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    Mark a big one up for Tetra


    Swedish network a landmark

    Tetra proponents in other countries will have looked with mixed feelings at the announcement from Nokia today that it has won the contract to provide a dedicated radio network for the shared use of all public safety organisations in Sweden.

    The network (known as RAKEL) will cost the Swedish government somewhere in the region of €250 million and will be, geographically, the largest shared Tetra network in the world. Nokia has won the entire contract for the supply of all network equipment, including base stations, exchanges and dispatcher workstations. The network will be integrated and installed bv Saab and operated by Swedia.

    From another standpoint, a win for Tetra is always good news for other Tetra vendors, whoever chalks up the sale. The Swedish government only recently plumped for Tetra over Tetrapol, its (bitter) rival digital radio technology. The shared use of Tetra by police, fire, ambulance and other public safety organisations is always proposed as one of the main benefits of the digital radio technology. But although the theory of allowing the emergency services to communicate directly with one another, wherever they are in a country, has its advantages, it has not always won out.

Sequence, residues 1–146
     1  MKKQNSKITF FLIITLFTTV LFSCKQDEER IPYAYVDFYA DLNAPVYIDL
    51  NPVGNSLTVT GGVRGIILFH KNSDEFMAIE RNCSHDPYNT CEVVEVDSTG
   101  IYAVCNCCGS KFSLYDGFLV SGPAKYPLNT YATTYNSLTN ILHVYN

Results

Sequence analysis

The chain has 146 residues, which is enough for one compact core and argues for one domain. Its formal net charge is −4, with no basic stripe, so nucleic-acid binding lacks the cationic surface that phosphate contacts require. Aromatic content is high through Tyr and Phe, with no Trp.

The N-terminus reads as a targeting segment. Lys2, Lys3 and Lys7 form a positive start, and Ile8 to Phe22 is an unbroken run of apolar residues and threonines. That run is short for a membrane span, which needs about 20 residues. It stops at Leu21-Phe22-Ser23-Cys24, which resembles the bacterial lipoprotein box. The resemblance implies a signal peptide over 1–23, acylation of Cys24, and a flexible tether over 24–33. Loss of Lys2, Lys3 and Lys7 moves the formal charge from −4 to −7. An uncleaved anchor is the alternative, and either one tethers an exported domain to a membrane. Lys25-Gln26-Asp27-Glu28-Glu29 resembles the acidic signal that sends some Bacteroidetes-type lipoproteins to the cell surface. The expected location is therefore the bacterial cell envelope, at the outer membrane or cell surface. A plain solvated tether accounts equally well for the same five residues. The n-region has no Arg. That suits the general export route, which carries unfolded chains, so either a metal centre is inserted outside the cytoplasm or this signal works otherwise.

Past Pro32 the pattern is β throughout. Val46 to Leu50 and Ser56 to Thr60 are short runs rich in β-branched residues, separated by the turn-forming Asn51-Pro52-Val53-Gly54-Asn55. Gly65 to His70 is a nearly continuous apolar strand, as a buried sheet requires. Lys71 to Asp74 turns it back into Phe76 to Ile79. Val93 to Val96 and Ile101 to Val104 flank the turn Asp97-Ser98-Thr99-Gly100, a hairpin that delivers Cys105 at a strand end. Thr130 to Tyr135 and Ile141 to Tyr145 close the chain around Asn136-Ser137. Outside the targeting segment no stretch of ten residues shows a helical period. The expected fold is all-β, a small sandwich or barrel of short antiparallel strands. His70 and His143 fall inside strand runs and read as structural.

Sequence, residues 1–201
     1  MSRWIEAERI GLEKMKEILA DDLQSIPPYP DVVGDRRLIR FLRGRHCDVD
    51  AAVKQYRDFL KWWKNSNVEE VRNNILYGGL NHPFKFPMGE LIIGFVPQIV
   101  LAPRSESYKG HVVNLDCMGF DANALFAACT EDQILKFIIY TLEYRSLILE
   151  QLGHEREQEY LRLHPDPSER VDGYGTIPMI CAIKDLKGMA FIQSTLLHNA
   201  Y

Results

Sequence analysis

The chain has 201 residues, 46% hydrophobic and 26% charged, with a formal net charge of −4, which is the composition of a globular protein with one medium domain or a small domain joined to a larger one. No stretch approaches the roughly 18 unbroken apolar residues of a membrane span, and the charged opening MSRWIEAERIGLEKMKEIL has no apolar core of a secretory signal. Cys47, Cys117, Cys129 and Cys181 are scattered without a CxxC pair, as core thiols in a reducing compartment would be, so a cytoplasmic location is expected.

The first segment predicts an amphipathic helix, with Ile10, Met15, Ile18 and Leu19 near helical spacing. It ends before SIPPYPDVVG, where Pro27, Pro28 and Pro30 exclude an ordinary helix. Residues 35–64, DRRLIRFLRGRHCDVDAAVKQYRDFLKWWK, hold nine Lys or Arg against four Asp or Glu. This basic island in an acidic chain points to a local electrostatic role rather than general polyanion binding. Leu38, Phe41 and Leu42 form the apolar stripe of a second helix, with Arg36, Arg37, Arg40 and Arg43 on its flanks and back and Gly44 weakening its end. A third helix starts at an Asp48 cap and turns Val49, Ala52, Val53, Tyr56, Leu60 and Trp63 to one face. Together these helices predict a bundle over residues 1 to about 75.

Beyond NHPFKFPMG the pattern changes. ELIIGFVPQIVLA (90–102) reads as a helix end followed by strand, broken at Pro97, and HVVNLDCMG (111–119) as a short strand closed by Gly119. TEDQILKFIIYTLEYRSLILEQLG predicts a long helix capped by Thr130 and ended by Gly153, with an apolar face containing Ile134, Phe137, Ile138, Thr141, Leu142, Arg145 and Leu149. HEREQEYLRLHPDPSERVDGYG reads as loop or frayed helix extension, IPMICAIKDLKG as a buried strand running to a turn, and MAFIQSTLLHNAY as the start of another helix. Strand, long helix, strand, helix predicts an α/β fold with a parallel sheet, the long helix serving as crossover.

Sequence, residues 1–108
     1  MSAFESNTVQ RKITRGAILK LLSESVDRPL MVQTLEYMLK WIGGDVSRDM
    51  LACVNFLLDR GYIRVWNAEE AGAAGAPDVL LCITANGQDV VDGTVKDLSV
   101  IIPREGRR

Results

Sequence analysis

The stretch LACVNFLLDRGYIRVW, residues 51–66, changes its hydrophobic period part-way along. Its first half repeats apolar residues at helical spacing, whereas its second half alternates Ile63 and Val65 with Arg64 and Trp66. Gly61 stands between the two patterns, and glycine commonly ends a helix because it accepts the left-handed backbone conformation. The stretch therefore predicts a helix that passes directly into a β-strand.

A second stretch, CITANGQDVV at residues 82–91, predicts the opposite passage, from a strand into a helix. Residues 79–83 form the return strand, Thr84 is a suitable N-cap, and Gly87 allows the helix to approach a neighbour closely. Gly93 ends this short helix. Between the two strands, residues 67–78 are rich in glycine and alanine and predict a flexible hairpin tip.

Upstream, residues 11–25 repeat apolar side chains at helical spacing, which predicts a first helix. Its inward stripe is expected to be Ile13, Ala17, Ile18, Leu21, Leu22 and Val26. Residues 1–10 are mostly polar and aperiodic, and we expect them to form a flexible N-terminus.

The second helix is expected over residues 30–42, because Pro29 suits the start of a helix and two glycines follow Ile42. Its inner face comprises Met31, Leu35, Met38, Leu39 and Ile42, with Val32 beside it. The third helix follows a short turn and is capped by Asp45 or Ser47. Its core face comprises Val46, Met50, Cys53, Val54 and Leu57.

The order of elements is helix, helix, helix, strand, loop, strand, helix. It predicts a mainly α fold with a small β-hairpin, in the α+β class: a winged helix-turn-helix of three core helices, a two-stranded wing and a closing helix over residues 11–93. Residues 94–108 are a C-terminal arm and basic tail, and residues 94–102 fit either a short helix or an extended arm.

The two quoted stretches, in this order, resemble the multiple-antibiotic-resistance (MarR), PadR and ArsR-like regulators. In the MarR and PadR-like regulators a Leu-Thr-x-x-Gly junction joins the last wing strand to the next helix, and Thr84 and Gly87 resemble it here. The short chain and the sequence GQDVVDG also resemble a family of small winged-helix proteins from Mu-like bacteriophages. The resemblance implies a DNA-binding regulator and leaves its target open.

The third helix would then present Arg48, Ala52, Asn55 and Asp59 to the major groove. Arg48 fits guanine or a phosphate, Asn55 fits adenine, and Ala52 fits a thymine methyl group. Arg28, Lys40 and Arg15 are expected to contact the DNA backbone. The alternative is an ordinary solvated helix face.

In the UK, although the regional police services are in the process of replacing their existing radio systems with Tetra networks, they are all doing so individually, and the concept of a national network is still just that. The UK fire service has taken a different view and is still deciding which technology it will choose.

    Across the continent the picture is similarly fragmented, with virtually no governments having made the decision to move to a unified, shared network. In many countries the actual technical decision between Tetra and Tetrapol itself is not uniform, let alone hosting the communications of all the services on one network. So Sweden will be hailed by the TETRA community as a flagship project.

    One noticeable things about the Swedish network is that the government has gone for an all-Nokia network, but there has been no simultaneous announcement on handsets. In the UK, Airwave’s network is built on Motorola equipment but is not restricted to Motorola. A quarter billion pound Tetra network in Sweden at least provides an opportunity for Sepura and Motorola to shift their handsets.

    One issue that will have to address is that of consumer worries at Tetra base stations being erected. A source at Airwave confirmed to Mobile Europe that protests against masts have in some areas stopped network rollout in its racks. And where Airwave has used its powers to install base stations in the face of opposition, it has resulted in unwelcome publicity for its O2 parent. But that is a battle that all radio network operators are going to have to fight from now on, irrespective of technology.

    External Links

    Nokia Tetra